Nagy was a first round pick in 1988 by the Indians, selected with the 17th pick overall out of the University of Connecticut after participating in the 1988 Baseball World Cup for the USA team. He would get the call to the Majors in 1990, appearing in nine games that season, and became a full-time member of the starting rotation beginning the following season.
By 1992, Nagy was an All-Star and would go on to post a 17-10 record with a 2.96 ERA in 33 starts while throwing ten complete games and three shutouts in a 252-inning season. Injuries cut his 1993 season to just nine games, but he would get the honor of starting the final game at Cleveland Municipal Stadium. He bounced back with a 10-8 showing in 23 starts before the strike in 1994 and was a key cog in the rotation in 1995 as he went 16-6 with a 4.55 ERA and the Indians returned to the playoffs for the first time since 1954. He made three starts in the postseason, going 1-0 with a 2.86 ERA.
Nagy was an All-Star again in 1996, matching his career-high at the end of the year with 17 wins while finishing fourth in the Cy Young voting. He would continue a streak of five straight 15+ win seasons through the 1999 campaign, when he made his final trip to the Midsummer Classic while reaching the 17-win plateau for the third time in his career.
Injuries slowed Nagy down almost permanently in the 21st century. He was limited to eleven starts in 2000, 15 appearances (13 starts) in 2001, and 19 games (seven starts) in 2002 before he left town in free agency. He signed with San Diego at the age of 35, hoping to stay in the game, but he made just five relief appearances for the club before being released in June of that season.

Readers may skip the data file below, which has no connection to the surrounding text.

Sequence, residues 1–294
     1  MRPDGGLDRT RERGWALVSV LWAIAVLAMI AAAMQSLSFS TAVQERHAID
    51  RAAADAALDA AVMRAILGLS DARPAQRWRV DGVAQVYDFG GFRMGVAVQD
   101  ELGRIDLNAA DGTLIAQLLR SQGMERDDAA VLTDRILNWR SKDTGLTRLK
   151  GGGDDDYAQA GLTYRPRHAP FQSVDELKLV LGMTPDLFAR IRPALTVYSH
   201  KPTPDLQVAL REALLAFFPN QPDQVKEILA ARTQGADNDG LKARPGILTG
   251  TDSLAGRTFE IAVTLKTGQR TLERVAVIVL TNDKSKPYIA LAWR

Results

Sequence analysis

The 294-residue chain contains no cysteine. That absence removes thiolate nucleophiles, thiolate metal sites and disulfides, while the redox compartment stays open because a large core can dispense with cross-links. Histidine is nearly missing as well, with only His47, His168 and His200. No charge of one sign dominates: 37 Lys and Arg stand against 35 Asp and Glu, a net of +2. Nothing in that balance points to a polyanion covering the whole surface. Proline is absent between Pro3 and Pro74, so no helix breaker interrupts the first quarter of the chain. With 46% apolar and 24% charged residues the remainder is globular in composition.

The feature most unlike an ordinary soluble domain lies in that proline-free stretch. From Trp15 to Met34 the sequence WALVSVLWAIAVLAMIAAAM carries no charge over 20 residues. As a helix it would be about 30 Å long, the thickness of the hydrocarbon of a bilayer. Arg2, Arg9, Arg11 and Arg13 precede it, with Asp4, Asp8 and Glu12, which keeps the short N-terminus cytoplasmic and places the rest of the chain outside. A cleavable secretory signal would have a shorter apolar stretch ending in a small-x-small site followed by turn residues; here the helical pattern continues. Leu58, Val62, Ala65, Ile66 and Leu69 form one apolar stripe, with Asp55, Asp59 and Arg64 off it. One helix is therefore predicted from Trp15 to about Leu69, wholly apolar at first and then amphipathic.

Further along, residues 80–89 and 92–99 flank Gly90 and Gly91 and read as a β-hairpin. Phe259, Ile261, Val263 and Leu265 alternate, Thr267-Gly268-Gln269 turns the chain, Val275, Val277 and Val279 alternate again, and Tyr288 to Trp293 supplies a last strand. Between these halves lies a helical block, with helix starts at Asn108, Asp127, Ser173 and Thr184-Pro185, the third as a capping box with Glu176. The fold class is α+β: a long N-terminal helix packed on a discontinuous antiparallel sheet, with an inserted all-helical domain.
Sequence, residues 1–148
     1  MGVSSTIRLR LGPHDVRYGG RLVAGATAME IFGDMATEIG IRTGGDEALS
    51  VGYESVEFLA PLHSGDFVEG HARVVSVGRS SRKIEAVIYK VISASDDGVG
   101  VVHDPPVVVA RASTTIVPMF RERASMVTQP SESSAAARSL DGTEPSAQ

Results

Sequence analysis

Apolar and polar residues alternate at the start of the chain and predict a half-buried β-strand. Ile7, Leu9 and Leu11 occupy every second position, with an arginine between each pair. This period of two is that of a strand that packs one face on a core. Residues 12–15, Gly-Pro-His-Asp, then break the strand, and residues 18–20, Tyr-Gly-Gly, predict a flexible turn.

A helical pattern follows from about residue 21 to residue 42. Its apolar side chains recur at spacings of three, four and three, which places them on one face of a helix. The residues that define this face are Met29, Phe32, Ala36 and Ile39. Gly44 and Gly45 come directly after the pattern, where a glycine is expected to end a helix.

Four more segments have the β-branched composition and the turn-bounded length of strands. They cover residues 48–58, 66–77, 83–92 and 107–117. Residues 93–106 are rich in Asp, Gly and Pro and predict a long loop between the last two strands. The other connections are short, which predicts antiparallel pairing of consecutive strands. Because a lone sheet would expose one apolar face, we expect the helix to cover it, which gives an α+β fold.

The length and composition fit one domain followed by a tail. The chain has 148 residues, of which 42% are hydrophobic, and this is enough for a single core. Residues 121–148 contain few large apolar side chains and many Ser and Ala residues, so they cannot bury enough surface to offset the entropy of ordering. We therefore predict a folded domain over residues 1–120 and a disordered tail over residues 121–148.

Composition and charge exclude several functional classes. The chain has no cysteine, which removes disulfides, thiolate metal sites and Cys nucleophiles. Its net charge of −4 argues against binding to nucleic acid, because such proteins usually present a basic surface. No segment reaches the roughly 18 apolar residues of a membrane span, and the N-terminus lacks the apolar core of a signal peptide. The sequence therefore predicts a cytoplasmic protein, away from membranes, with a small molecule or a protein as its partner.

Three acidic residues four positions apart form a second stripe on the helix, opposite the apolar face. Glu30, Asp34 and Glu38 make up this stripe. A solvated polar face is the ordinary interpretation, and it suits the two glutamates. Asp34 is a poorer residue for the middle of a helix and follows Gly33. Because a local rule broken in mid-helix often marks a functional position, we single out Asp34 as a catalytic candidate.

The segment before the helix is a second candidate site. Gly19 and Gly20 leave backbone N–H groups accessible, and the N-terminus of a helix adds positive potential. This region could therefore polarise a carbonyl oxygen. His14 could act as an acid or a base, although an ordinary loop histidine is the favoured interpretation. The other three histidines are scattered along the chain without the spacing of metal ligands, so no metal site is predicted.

After his career ended, he remained around the game of baseball. He returned to Cleveland in 2004 and spent several chunks of time working with the club over the last decade and a half as a special assistant for baseball operations and later as a Triple-A pitching coach. He was also a minor league pitching coach at Triple-A for the Los Angeles Angels of Anaheim in 2006 and 2007 and the pitching coach for the Arizona Diamondbacks from 2011 to 2013. He later returned to the Angels under manager Mike Scioscia, working as the team’s pitching coach from 2016 to 2018, but he was let go after the long-time manager stepped down last season and was replaced by Brad Ausmus. Nagy is now enjoying time at home and hopes to get back into coaching once his daughters finish school.
Photo: Jason Miller/Getty Images